In April, Christine Hallquist officially announced her candidacy for the Democratic nomination for governor of Vermont, becoming the first openly transgender gubernatorial candidate in the nation’s history.

Hallquist, who is mother of a son, studied engineering, worked as a consultant and joined the Vermont Electric Coop in 1998, rising to become its CEO in 2005. She came out as a woman in 2015 after a culmination of an eight-year gender transition.

Rather than making her gender identity a focus of her campaign, she is running, essentially, as a technocrat. Her signature issue is a plan to revitalize rural Vermont by laying high-speed, fiber optic cable statewide.


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Vermont has a longstanding progressive culture. It was the first state to abolishing slavery, the first to grant same-sex couples civil unions with full marriage rights, and the first to legalize same-sex marriage through its legislature, rather than by court ruling.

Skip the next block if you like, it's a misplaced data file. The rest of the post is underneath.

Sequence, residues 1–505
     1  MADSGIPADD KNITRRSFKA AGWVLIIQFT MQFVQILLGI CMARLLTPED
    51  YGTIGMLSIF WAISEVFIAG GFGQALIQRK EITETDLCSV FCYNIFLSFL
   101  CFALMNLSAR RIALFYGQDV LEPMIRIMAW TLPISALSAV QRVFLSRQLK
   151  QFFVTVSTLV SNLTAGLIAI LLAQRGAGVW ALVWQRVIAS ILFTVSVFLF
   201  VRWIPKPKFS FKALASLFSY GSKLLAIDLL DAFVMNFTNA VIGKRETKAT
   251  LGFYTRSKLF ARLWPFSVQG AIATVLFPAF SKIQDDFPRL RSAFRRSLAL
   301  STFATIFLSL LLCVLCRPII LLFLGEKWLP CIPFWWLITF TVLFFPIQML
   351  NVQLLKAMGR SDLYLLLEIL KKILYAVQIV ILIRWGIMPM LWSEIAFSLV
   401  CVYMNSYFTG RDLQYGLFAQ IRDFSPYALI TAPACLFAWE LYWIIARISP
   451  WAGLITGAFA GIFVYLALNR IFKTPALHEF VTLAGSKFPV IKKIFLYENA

Hallquist is one of 400 LGBTQ candidates this year but appears to be only the third openly transgender candidate to even seek statewide office. Kim Coco Iwamoto is running for Hawaii’s lieutenant governor, and Chelsea Manning is ran for U.S. Senate in Maryland earlier this year.

“We can enter political space,” said attendee Raffi Freedman-Gurspan, who served as Barack Obama’s last director of LGBT outreach and was the first openly transgender White House staffer, of transgender people’s greater visibility in the electoral realm, told Politico.

Former Houston Mayor Annise Parker, president of the LGBTQ Victory Fund, which supports LGBTQ candidates and recently endorsed Hallquist said, “Christine will be a historic figure if she wins the nomination, whether or not she becomes the governor. If she becomes the governor, she has the potential to be a role model for every trans kid in America.”

“Thousands of people have fought for freedom before me and died for freedom,” Hallquist told Politico. “The least I could do is give up my retirement.”

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